One of the biggest mistakes that economics learners make is they just study for the sake of passing the exams. There is nothing wrong with that, per se. However, you’d do yourself a big favour if you try to appreciate these terms and understand how they relate to the world you’re living in.
That way, you can think outside of the box and truly be familiar with those definitions. What’s more, The Economics Tutor is here to help you catch up on current economic affairs through real-world examples!
Mistake # 3: Going Solo
This isn’t to say that studying IB and A Level Economics definitions on your own is bad. Besides, there are students who prefer to study quietly in their own spaces where there are minimal distractions.
But did you know that studying in a group setting is extremely helpful? Having people you can bounce ideas off of can teach you a lot about the material you’re trying to get familiar with.
This can be your peers, professors or the best economics tutor that will teach you learning strategies to master economics definitions. Just always remember that you can always ask for help. It is only wise of you to do so! There’s no shame in that!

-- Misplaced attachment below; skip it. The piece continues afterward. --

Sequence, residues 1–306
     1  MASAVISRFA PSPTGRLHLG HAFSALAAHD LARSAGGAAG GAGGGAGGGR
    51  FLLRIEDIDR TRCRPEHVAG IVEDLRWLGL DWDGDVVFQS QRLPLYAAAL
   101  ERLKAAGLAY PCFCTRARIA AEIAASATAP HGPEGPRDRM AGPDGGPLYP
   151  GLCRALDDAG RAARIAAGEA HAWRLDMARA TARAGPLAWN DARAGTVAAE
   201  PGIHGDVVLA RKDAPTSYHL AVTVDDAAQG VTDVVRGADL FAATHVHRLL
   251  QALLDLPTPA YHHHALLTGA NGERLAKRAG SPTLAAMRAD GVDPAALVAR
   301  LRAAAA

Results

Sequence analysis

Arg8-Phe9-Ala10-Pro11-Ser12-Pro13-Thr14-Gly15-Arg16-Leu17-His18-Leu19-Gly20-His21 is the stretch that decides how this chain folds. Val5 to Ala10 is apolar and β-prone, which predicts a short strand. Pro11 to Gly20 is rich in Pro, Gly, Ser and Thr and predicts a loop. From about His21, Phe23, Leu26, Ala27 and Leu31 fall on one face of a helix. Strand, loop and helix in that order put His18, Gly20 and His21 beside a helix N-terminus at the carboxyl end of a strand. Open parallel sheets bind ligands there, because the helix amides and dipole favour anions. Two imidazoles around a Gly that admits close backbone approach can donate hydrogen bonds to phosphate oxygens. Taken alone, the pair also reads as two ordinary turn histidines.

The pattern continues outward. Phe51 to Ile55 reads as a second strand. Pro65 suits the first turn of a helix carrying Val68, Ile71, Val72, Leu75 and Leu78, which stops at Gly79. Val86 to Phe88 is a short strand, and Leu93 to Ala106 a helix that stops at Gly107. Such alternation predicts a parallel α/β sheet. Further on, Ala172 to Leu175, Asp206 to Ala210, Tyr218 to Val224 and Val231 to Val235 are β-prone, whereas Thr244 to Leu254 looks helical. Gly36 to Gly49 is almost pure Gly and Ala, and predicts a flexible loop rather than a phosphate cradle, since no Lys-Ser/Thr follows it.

Now that you’ve seen examples of IB and A Level Economics definitions, you might be feeling a bit scared. But there’s nothing to be afraid of! The Economics Tutor is here to guide you through the rigorous learning journey to reap the benefits of learning economics.
Aside from definitions, you will have access to useful and comprehensive resources when you sign up for our classes. To view samples of our other resources, check out our Economics Videos, Economics Notes, Infographics & Mindmaps, A Level & IB Economics Real World Examples and A Level & IB Economics Model Essays. What are you waiting for? Join our classes today and ace your economics!
About The Economics Tutor
Founded by Kelvin Hong in 1998, The Economics Tutor is one of the leading economics tuition in Singapore. We provide a comprehensive program to guide students in understanding complex economic concepts and applying them through case study analyses, essay writing and discussion of real world events.
For 24 years, the way we teach JC Economics Tuition (A Level Economics Tuition) and IB Economics Tuition classes helped learners appreciate economics and everything it entails on a much larger scale. We take things step-by-step, implement effective techniques in memorising frameworks and give every student the chance to nurture their ideas.
We don’t just solely focus on helping you get stellar grades and perfect scores. We make sure that we also hone the critical thinking skills and investment / business decisions you can use outside the four walls of your classroom.